Interview: Jameer Nelson

Interview: Jameer Nelson
Jun 18, 2004, 01:00 am
Wyndham Hotel- NBA Draft reception night.


Jonathan Givony: Hey Jameer, how you doing my man?

Jameer Nelson: I'm doing good man. How are you?

Givony: Not too bad. So how have your workouts been going so far?

Nelson: They've been going great so far. I think I'm showing them everything I need to show, jumping right in. It's going good.

Givony: How many have you had so far?

Nelson: I've had 9 so far.

Givony: Who have you gone up against?

Nelson: Telfair, Duhon, Romain Sato, a lot of others. Childress, Ben Gordon.

Givony: How was Childress looking, that was in Philly right? How did it go?

Nelson: Yeah, it was in Philly and I think it went well. I think everyone competed to the highest level.

Givony: Anyone surprise you in these workouts so far?

Nelson: Not at all. I think the guys that I'm so far ranked ahead of; I knew they would come in trying to prove themselves. So their really haven't been too many surprises.

Givony: I kind of like your strategy Jameer. You'll work out against anyone and that's a bit unusual. You see things like Iguodala not going up against Deng or vice versa, Howard won't play against Okafor, stuff like that. But you go up against everyone. What's your strategy regarding that?

Nelson: Well that's what I do, I compete. That's a part of basketball. I'm a man and hopefully so are the guys I'm going up against. I'm not scared or intimidated by anyone, that's not a decision that is going to hurt me because I know what kind of player I am. Eventually the truth will come out, sooner or later. I'm the type of person that is always going to want to face a player that is supposedly better then me, so I'm not going to turn down players ranked below me either. That's just what I've always found to be the best way to go, and I'm not going to change things now.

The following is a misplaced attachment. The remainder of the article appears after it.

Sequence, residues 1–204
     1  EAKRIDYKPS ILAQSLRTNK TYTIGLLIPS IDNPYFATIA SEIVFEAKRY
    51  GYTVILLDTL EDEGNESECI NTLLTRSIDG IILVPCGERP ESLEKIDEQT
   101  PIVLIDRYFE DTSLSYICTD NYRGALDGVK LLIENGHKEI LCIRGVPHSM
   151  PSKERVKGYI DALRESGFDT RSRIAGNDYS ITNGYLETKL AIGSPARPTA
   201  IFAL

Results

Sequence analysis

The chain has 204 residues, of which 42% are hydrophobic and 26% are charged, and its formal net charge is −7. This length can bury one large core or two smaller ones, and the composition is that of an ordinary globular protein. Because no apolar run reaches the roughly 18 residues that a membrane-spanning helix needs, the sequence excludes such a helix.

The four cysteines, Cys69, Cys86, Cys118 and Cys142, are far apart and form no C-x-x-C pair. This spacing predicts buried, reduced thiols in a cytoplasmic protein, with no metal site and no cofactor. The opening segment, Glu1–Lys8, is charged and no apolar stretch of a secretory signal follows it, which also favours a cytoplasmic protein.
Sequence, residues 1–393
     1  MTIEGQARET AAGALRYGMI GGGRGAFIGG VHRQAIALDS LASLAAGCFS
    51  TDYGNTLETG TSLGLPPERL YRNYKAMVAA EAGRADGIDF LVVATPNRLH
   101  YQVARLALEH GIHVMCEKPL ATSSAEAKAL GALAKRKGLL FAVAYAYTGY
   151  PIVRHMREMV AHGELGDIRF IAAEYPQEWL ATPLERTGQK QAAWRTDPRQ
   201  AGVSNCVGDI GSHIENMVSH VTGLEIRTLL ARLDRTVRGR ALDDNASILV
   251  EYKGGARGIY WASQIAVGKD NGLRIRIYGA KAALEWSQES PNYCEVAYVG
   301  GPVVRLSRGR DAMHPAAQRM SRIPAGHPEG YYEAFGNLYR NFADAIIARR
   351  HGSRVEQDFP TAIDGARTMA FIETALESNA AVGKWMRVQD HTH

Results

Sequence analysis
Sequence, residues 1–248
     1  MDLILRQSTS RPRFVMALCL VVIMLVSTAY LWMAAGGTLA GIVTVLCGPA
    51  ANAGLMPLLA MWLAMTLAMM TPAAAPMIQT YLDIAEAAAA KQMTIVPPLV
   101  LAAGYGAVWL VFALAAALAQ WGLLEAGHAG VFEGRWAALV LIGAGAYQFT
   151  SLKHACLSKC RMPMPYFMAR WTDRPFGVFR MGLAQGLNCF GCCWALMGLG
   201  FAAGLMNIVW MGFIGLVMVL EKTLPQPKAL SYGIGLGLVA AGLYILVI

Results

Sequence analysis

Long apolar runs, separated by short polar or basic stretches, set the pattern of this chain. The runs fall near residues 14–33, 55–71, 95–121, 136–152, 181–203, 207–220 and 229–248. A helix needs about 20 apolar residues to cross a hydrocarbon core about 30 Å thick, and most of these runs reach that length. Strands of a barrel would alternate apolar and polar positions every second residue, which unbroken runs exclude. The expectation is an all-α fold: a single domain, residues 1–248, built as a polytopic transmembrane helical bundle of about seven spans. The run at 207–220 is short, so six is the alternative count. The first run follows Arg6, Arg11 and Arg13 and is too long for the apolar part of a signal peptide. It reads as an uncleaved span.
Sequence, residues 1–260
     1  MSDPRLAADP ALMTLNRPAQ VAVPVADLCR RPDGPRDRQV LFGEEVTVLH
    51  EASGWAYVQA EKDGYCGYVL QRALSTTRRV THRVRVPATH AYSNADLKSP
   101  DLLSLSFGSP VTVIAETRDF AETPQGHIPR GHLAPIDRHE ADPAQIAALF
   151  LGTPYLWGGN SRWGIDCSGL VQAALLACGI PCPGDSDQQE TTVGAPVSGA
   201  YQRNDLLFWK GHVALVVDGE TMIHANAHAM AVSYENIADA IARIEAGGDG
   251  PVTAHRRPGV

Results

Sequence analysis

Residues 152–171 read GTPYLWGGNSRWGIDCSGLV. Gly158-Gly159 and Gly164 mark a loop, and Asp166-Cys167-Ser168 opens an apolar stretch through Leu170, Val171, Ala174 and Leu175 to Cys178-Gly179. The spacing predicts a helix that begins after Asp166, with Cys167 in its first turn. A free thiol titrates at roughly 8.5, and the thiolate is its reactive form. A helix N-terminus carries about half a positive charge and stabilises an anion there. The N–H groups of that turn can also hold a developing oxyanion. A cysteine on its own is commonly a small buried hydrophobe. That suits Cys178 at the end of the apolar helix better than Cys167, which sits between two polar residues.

Givony: What area of your game do you think will help you out the most in your first NBA season?

Nelson: Physical toughness, mental toughness. I know how to win. Things like the money, that's just extra incentive for me. I've been playing basketball for free all my life. I think the passion for basketball is there for me and the love of the game.

Givony: What about your tattoos Jameer, do they have any special meaning for you?

Nelson: Here (left lower arm) is from Pslams. Above that it means no fear. Here on the right is for my Grandmom. I'm on like this no fear thing. That's my life, you know what I mean. I feel as if my struggles have already come.

Givony: The Elite Eight game in the NCAA tournament. Looking back at that, what kind of memories you have from that game?

Nelson: It's a good memory. I feel like that might be one of the best college basketball games of all time.

Givony: Well that was my original question actually. Probably one of the 10 best basketball games I've seen all year. What was it like to actually play in it?

Nelson: It was great. Yeah, I think we put on a pretty good show. Even though we lost, we competed till the very end.

Givony: What about little man Chris Paul? What did you think of him?

Nelson: He didn't play too well against us, but I like him because he has a lot of guts. A lot of heart.

Givony: He's kind of in a similar situation to you, he's not 6-4 or anything like that. Next year, if he's ranked as a top 15 pick or something would you advise him to come out, or stay for four year?

Nelson: Well normally I would tell him to stay for four years. Because college is the best years of your life. College is when you mature as a man and as a basketball player. I mean everybody wants the money, everybody wants to play in the NBA, but if you go to the NBA after your sophomore or Junior year, why not wait until your senior year? It's not going to do anything but make you a better basketball player.

Givony: So have you played against any NBA players recently and have they given you any tips about your game?

Nelson: Well where I work out at in Philly we have some NBA guys coming around once in a while. Doug Overton is my workout partner, and Aaron Mckie just started showing up for the conditioning sessions.

Givony: Do you think that David Stern should try to make a 20+ rule next year? Would that be a good thing for the league?

Nelson: I think that would be a good thing for college and the NBA. You'll have that talent in college and it would help teams gauge who can make then stronger. Then in the NBA you won't have guys just sitting.

Givony: Are you angry at all about the fact that 2-3 high school players being ranked ahead of you even though they aren't proven, they haven't done anything in their career and you won the Wooden and all and might get drafted behind them. How do you feel about that?

Nelson: I'm definitely not jealous or anything like that. I'm happy for those guys. Especially Sebastian, he's a little guy like me, it's just that much harder to prove yourself in high school. They are in a position to leave, and teams want them, there's really no doubt that they're good.


Givony: Would you trade your Wooden award for Sebastian Telfair's shoe contract?